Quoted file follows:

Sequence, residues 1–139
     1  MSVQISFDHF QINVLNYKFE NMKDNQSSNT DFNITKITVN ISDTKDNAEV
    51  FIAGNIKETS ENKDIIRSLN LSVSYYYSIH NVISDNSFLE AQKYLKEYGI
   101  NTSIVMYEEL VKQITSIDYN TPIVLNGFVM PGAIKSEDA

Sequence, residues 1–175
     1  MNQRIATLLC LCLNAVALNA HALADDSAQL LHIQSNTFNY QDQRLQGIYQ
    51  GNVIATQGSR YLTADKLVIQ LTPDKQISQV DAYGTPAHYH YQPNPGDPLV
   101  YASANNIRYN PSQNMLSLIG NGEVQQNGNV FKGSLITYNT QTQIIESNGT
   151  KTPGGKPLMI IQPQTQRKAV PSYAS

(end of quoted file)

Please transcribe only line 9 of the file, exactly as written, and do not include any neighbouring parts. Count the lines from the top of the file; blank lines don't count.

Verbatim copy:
   151  KTPGGKPLMI IQPQTQRKAV PSYAS